32+ Common Chinese Terms of Endearment You Need to Know
Chinese terms of endearment are cute words Chinese people use to refer to their loved ones.
Whether it be to joke around, show affection, or even flirt with someone in Chinese, using these words correctly will help you sound more like a native speaker.
Plus, these 32 common Chinese terms of endearment can potentially deepen the bond between your Chinese family, significant other and/or friends.
- Pet Names in Chinese
- Family Nicknames in Chinese
- Chinese Terms of Endearment for Friends
- Other Names and Respectful Titles in Chinese
Pet Names in Chinese
Let’s start off with Chinese terms of endearment for that special someone in your life.
There are quite a few that translate into the English pet names you already know, and there are a couple that are quite strange and require a bit of explanation.
1. 宝宝 / 宝贝
Pinyin: bǎo bǎo / bǎo bèi
You’ve probably heard of the terms 宝宝 and 宝贝, which both translate to “baby.”
While “baby” is a common pet name in English, it’s mostly reserved for children and actual babies for Chinese speakers.
Some younger couples may still refer to each other as 宝贝, and some even use the loanword 北鼻 (běi bí).
Pinyin: qī zi
Pinyin: zhàng fu
Pinyin: lǎo pó
English: (informal) wife, wifey
Pinyin: lǎo gōng
English: (informal) husband, hubby
Pinyin: lǎo pó zi
English: (informal) wife, old lady
Pinyin: lǎo tóu zi
English: (informal) husband, old man
Pinyin: tài tài
Pinyin: xiān sheng
Pinyin: ài rén
English: lover, spouse
Pinyin: qíng rén
Pinyin: qīn ài de
English: beloved, dear, darling
Pinyin: tián xīn
Pinyin: nǚ péng yǒu
Pinyin: nán péng yǒu
Pinyin: shǎ guā
You may have heard couples call each other names—either in public or in Chinese dramas—like 傻瓜, which means “fool,” or 笨蛋 (see next entry), which means “idiot.”
Obviously, “fool” and “idiot” aren’t exactly names you’d call your significant other in English.
However, it’s easy to see how the Chinese equivalents can actually be used in a playful sense when you break down the terms into their literal meanings.
傻瓜 is “silly melon,” which is kind of cute if you think about it.
Pinyin: bèn dàn
The literal meaning of 笨蛋 is “dumb egg.”
Think about how English speakers might tease each other affectionately with names like “silly” and “dummy.”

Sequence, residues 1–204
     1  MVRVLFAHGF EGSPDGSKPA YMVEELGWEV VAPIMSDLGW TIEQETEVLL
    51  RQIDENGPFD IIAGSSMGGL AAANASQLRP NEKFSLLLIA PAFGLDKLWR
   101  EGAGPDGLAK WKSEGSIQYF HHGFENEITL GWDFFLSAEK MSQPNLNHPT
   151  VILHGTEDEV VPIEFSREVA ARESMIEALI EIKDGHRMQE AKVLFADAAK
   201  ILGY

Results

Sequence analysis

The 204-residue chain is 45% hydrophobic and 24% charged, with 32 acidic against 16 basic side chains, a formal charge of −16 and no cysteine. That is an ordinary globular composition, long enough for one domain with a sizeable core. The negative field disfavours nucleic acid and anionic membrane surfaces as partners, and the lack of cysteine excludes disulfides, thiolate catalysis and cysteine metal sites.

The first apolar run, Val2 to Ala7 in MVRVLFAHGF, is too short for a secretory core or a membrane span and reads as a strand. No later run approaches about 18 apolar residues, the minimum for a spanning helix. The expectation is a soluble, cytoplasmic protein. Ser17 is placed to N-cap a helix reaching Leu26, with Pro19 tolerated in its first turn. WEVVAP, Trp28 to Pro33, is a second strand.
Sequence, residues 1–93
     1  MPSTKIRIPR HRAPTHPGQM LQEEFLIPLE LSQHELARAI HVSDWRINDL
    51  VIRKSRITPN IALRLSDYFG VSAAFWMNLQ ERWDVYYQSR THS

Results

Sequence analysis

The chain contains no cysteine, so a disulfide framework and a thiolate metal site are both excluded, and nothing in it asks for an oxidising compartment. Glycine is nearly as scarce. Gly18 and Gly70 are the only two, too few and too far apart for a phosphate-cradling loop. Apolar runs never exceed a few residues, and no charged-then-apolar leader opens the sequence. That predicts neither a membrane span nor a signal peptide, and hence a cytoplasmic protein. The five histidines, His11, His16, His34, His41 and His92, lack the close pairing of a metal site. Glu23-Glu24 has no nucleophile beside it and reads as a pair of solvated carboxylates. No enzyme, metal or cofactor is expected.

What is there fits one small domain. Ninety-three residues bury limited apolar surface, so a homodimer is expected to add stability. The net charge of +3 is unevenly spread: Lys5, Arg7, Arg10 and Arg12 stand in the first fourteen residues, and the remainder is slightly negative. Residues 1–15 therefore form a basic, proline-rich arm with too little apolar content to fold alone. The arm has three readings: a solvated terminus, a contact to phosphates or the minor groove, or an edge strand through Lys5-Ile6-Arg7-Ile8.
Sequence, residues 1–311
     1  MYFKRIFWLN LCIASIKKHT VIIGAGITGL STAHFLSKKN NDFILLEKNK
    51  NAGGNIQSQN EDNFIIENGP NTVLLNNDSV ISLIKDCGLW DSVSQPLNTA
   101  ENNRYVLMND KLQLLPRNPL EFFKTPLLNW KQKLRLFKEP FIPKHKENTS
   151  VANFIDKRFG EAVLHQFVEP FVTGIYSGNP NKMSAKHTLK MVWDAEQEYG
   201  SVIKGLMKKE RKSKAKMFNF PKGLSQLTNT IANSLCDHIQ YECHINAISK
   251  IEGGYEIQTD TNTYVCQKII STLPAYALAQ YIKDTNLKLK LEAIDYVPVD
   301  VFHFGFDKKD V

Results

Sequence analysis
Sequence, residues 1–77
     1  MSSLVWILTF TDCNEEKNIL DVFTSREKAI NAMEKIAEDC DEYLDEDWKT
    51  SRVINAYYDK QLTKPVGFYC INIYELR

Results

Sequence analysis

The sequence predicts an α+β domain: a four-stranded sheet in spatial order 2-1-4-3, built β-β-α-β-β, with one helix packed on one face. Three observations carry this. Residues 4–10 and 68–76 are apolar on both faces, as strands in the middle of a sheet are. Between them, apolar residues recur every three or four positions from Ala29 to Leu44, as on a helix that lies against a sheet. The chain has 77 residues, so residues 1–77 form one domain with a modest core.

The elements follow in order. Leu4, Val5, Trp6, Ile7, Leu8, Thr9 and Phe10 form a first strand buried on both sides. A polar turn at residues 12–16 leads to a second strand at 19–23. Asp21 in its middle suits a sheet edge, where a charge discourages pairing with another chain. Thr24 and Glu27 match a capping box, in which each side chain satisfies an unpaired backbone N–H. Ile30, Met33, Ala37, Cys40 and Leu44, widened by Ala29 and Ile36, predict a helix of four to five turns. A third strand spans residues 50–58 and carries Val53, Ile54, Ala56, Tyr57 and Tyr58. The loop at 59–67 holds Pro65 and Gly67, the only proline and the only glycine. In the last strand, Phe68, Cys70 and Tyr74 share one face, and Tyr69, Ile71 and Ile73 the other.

A couple—or even close friends—might playfully scold each other like so:
(xià yǔ de shí hou nǐ chuān zhuó liáng xié, bèn dàn.)
You’re wearing sandals when it’s raining, dummy.
Pinyin: chén yú luò yàn
English: (adj.) extremely beautiful / (n.) extremely beautiful woman
This is an idiomatic expression that describes a woman being extremely beautiful, which seems odd since it literally means “sinking fish, swooping geese.”
However, you can find the origins of this expression in stories by Taoist author Zhuangzi.
A woman named Xi Shi was so beautiful that fish would forget how to swim every time she visited the pond.
Wang Zhaojun was another beauty who affected geese, causing them to forget how to flap their wings when they were in her presence.
So when “sinking fish” and “swooping geese” are put together, you’re comparing someone to the two most gorgeous women in Chinese literature.
沉鱼落雁 can be used as either a noun or adjective. For example:
(tā yǒu chén yú luò yàn zhī mào hé zhì lì.)
She has beauty and intelligence.
(nà yǎn yuán zhēn chén yú luò yàn!)
That actress is insanely gorgeous!
Pinyin: xīn gān
English: other half / most important person
Do you ever address your partner as “my heart and soul” or “my everything”?
There’s a Chinese version of that (well, sort of).
This phrase literally means “heart and liver,” and it’s often reserved for your other half (or the most important people in your life). You can’t live without them, just like you can’t live without those organs.
Members of a family may also address each other using this Chinese term of endearment. Parents sometimes combine it with 宝贝, calling their kids 心肝宝贝 (xīn gān bǎo bèi).
Family Nicknames in Chinese
Nicknames aren’t just for your partner, and Chinese families rarely call each other by their real names.
Just like how some kids call their fathers “pops” and parents call their kids “sweetie” or “baby,” there are plenty of terms of endearment to go around in Chinese families.
But before we get to those, make sure you know the names of family members.
Pinyin: hái zi
If there’s only one kid in the family, the parents might call them 孩子, which means “child.”
Of course, this nickname works when there’s only one child, or only one present at the time.
Pinyin: hǔ zǐ
English: brave young man